Column: Rancho Verde’s AJ Duffy ready for IMG Academy football adventure
AJ Duffy plans to board a plane to Orlando, Fla., on Jan. 29 to begin a journey few teenagers get to experience. And he’s playing it cool.
“Nothing packed yet,” he said. “I’m usually a last-minute guy.”
He’s leaving his mom, dad, three younger sisters and three dogs so he can attend IMG Academy in Bradenton. He’s a junior quarterback at Moreno Valley Rancho Verde, where his father, Pete, is head coach. He’s leaving because the offer was too good to pass up. He’ll get daily training and in-person schooling at a time when no one knows when football will resume in California, let alone when classrooms will reopen. In the fall, he figures to be making appearances on ESPN’s high school game of the week.
“I haven’t been around a bunch of guys in a while,” he said. “The training [at IMG] is top notch, the coaching, the meals. Just getting better in every aspect. I think it’s a great opportunity.”
If there are any doubts that Duffy is the son of a coach, you only need to watch highlights from his final game of 2018. He was a freshman for Rancho Verde. His team trailed Sherman Oaks Notre Dame by 10 points in the Division 2 playoff semifinals with less than 90 seconds remaining. He could barely lift his left arm after breaking his collarbone in the third quarter.
His father remembers asking him on the sideline, “If you want to come out, it’s no problem.”
“When it first happened, I was in a lot of pain,” he said. “But I don’t know if it was the adrenaline of the game, it went away.”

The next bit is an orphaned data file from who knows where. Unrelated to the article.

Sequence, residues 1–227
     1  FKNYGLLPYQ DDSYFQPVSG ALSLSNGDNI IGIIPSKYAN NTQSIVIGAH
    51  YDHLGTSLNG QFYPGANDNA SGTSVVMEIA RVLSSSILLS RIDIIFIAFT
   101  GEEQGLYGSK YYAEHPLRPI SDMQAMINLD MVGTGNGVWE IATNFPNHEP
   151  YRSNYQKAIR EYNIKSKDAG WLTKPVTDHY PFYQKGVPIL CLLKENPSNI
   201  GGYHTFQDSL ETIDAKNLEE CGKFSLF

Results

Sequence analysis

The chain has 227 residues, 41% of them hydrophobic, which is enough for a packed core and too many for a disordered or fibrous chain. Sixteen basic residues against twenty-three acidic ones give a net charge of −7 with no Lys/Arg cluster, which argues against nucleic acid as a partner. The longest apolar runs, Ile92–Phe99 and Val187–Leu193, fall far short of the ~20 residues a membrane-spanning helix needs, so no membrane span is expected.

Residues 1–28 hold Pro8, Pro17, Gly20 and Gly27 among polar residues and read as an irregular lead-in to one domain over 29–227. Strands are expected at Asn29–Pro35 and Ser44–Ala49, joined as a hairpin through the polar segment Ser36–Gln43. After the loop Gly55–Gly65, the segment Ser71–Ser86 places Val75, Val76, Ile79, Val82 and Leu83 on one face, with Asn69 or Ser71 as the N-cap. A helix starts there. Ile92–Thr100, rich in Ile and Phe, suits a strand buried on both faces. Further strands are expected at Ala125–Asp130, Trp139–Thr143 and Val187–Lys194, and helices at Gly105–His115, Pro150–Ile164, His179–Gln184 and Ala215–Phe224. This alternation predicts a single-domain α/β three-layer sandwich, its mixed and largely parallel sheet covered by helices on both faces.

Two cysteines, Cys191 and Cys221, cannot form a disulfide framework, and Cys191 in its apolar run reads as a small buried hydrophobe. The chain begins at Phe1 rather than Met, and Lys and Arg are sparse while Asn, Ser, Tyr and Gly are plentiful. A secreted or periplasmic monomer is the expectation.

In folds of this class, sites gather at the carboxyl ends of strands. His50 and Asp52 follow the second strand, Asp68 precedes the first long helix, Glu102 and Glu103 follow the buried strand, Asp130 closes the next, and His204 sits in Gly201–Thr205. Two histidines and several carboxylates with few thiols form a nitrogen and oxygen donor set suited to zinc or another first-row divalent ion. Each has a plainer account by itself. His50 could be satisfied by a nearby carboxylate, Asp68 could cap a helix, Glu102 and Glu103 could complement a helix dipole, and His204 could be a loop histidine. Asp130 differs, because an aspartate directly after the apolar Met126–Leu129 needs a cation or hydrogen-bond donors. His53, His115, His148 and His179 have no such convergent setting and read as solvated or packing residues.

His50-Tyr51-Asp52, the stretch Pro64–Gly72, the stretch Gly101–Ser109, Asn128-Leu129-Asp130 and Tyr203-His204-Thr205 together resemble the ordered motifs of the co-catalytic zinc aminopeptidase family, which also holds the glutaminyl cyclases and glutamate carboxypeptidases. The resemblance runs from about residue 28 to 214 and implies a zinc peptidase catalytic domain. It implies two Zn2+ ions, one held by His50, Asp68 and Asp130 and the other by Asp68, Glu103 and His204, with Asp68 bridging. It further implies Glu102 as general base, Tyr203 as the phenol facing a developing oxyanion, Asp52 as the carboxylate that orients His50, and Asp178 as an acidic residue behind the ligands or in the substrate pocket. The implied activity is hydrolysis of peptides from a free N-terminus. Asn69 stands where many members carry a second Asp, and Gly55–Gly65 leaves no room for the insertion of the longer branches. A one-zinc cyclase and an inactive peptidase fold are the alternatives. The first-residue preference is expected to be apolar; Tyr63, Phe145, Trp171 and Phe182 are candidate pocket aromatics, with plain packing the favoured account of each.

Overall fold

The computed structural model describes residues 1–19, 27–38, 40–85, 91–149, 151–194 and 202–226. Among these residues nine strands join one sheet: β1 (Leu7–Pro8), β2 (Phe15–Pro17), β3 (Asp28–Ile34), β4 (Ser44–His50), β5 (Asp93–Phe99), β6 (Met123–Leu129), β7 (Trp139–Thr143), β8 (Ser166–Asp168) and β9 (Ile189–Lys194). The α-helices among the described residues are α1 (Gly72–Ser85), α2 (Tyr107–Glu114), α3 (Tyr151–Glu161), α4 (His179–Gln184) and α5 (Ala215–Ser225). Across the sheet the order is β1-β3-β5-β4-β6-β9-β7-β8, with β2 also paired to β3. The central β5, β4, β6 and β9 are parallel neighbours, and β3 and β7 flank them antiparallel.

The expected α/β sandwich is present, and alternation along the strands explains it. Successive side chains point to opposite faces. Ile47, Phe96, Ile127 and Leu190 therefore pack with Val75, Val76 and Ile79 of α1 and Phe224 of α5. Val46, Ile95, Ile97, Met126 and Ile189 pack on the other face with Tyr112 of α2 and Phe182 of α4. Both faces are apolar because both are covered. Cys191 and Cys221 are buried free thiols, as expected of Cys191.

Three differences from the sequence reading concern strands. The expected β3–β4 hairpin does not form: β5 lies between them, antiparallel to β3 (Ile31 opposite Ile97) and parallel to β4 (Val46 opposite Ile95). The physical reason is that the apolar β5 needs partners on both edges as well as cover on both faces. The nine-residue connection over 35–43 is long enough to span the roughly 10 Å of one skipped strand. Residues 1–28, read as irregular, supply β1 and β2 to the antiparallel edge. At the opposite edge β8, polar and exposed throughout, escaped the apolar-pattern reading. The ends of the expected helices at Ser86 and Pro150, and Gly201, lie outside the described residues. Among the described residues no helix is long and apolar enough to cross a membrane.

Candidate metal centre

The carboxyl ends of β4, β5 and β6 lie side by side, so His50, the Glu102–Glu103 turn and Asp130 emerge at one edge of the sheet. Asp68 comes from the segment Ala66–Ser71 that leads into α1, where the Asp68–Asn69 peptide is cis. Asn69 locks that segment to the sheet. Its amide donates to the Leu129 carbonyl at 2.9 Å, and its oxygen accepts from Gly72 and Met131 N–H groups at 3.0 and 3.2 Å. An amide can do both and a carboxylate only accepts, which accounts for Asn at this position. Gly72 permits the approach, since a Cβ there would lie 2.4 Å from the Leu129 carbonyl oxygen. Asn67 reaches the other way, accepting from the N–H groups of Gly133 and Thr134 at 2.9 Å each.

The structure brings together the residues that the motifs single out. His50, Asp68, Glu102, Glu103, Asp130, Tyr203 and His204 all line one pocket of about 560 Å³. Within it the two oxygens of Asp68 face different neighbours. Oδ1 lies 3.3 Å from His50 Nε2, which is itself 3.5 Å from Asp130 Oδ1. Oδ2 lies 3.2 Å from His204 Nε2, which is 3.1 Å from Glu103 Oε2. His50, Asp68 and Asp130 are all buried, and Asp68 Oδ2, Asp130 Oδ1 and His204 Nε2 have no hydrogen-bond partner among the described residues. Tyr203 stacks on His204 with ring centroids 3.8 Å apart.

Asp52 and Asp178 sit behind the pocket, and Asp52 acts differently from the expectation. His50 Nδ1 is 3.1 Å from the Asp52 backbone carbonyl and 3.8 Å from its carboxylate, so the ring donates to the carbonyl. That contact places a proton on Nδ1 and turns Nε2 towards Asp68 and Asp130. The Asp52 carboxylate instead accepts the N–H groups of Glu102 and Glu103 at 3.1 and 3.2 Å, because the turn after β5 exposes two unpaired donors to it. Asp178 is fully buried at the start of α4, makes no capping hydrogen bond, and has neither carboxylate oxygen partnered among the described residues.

Duffy rallied Rancho Verde to a 41-38 victory with two touchdown passes, including a 50-yarder that slipped through the hands of two Notre Dame defenders into the grasp of receiver Jamar Simpson with less than 40 seconds left.
“He didn’t flinch,” Notre Dame coach Joe McNab recalled. “We hit him a lot. He bounced up and kept playing.”
Said Duffy’s father: “It showed another level of toughness you don’t often see.”
Duffy has grown to 6 feet 2 and 205 pounds. He has 38 scholarship offers and has used more than 10 months of COVID-19 restrictions to improve on his individual talents, thanks to having his father in his quarantine family.
“Honestly, the only bad part is not being able to play football,” he said. “I work out, have school, play my video games. I’m working out more now than when I was in school — running, lifting, throwing.”
All six members of the Duffy family can be found in their Murrieta home on laptops — Pete teaching, AJ and three younger sisters taking classes and mother Alma working.
It was in 2002, after AJ’s birth, that his father decided to leave the Los Angeles area to find a new home for his growing family. He and Alma were living in an apartment in Long Beach’s Belmont Shore neighborhood while he was the football coach at L.A.‘s Fremont High. After the 2003 season, he resigned and moved to the Inland Empire. He had grown up in a suburb of Boston before moving to Los Angeles. Now he had a son who needed room to throw things.
“As soon as he picked something up, he’d fire it,” Pete said. “He was a natural thrower — whether socks, food, toys. When he was young, there was a lot of kids running into the house, ‘I got hit with the ball.’ The first few times we thought it was an accident. After that, we decided it was natural.”
Duffy helped lead Rancho Verde to an 11-1 record in 2019, passing for 2,568 yards and 26 touchdowns while rushing for 501 yards and four touchdowns. Being the son of a coach has helped his instincts on how to handle pressure and how to make spur-of-the-moment judgment calls. “As big as the moment feels, you have to take a deep breath and relax,” he said. “It’s playing ball.”
Duffy was planning to stay at Rancho Verde for two more seasons. That has changed because of uncertainty with the pandemic. His father decided it was best his son leave for IMG even though it’s tough to let his “buddy” leave home.
“He’s made good strides with what I’ve been able to do with him, but if the goal is to be the best player you can be and you have the ability to have the best training available, why not do it?” Pete said.
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